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What Happens When Truckers Drive Fatigued?

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What Happens When Truckers Drive Fatigued?

American truckers work long hours, often driving hundreds of miles per shift (and thousands of miles per week). There are driving restrictions and work time limits designed to keep truckers from being overworked; but, unfortunately, many truckers do work outside of the legally permitted hours. Even those that don’t can still suffer from extreme fatigue.

About 75 percent of American resources are transported via a truck or tractor-trailer at some point. Over 5 percent of full-time jobs in the country relate to trucking. Large trucks are a regular part of roadways in the United States, but that doesn’t mean that they’re always safe to be around. This is especially true when truck drivers perform their jobs while fatigued.

Why is fatigued driving so dangerous?

Driving while fatigued is dangerous for everyone. It’s especially dangerous if a person is operating a large vehicle like a commercial truck.

Some of the key dangers of fatigued driving include:

  • It reduces the driver’s ability to pay attention to safe driving
  • It slows reaction times; emergency maneuvers may take too long to complete
  • It impairs drivers’ ability to make good decisions


Truck driver behind the wheel of his vehicle, looking out at the Wisconsin road ahead

Federal Hours of Service Regulations for Truckers

The Federal Motor Carrier Safety Administration has Hours of Service Regulations that limit the number of hours truckers may drive.

Truck drivers can:

  • Only drive for 11 hours after taking a 10-hour break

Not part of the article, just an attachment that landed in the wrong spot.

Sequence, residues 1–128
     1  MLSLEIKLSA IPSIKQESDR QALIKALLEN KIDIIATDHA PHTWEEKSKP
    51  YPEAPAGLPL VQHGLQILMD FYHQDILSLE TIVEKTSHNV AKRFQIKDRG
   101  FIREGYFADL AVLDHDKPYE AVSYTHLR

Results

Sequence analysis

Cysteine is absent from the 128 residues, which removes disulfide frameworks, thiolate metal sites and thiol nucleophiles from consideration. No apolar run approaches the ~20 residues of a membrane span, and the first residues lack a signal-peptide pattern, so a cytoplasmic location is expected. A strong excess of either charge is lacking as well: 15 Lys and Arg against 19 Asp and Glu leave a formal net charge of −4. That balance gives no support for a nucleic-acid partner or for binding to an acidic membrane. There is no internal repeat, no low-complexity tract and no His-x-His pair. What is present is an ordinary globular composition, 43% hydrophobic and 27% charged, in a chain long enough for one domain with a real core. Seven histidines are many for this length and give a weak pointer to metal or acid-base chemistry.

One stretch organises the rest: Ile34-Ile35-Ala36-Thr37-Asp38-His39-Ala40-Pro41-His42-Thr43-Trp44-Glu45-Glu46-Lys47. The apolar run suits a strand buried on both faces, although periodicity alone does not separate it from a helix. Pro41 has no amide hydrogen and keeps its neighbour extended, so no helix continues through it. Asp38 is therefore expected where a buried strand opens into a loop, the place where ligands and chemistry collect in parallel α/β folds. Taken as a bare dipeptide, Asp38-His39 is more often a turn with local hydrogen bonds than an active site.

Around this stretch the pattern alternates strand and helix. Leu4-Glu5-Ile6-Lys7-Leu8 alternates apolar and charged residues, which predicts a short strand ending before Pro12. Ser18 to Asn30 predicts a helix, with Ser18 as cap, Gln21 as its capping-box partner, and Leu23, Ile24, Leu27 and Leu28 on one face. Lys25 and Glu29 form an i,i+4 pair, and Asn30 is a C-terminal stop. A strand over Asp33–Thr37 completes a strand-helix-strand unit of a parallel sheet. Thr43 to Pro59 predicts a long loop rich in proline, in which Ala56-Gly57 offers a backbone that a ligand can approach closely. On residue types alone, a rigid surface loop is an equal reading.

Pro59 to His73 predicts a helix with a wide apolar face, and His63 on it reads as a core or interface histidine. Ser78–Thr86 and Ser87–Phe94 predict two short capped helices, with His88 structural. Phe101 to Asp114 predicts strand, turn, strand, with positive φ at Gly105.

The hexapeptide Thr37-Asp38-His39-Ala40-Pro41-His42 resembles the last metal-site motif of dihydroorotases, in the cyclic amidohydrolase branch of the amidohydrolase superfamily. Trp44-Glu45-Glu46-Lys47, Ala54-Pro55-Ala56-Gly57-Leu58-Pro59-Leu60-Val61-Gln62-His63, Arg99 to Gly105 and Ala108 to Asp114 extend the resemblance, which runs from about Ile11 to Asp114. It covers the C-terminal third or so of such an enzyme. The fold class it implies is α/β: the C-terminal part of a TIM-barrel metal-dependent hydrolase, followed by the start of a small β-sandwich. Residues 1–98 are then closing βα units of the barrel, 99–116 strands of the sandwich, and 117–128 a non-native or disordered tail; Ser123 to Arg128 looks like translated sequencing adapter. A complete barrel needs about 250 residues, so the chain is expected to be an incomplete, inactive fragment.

• Not drive beyond the 14th consecutive hour after coming on duty (following off-duty time of 10 hours)
  • Must take a 30 minute minimum break for every eight hours they drive.
  • Not drive after 60/70 hours on-duty in 7/8 consecutive days

Upon reading these rules, it quickly becomes apparent that American truck drivers work long hours. Many of them choose to underreport their work so that they can meet certain goals and complete jobs.

It doesn’t matter which state you’re in: these federal regulations apply to help keep drivers safe. The issue is that the regulations often go unobserved. Many people are injured because of fatigued truck drivers every year.

What Causes Truck Driver Fatigue?

Long working hours

Even when truck drivers follow federal hours of service regulations, they still work very long hours. The rules clearly state that truckers can drive for up to 11 hours at a time. Most of us would choose to split that drive if we had the option. Truck drivers don’t have that luxury.

The laws designed to keep truckers and other drivers safe don’t always work. Truckers who follow hours of service regulations can still work extraordinarily long shifts.

Pressure from employers

Unfortunately, the commercial carriers that are in charge of truck drivers usually push their drivers to work beyond what is legally permissible. There are subtle ways that they encourage drivers to drive more than they should, too—fines are common when a driver is late for a delivery.